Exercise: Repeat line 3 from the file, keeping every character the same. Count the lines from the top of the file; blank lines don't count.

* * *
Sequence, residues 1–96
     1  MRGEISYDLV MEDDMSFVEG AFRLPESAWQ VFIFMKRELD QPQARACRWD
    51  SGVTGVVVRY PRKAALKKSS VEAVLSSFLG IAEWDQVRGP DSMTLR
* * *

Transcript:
    51  SGVTGVVVRY PRKAALKKSS VEAVLSSFLG IAEWDQVRGP DSMTLR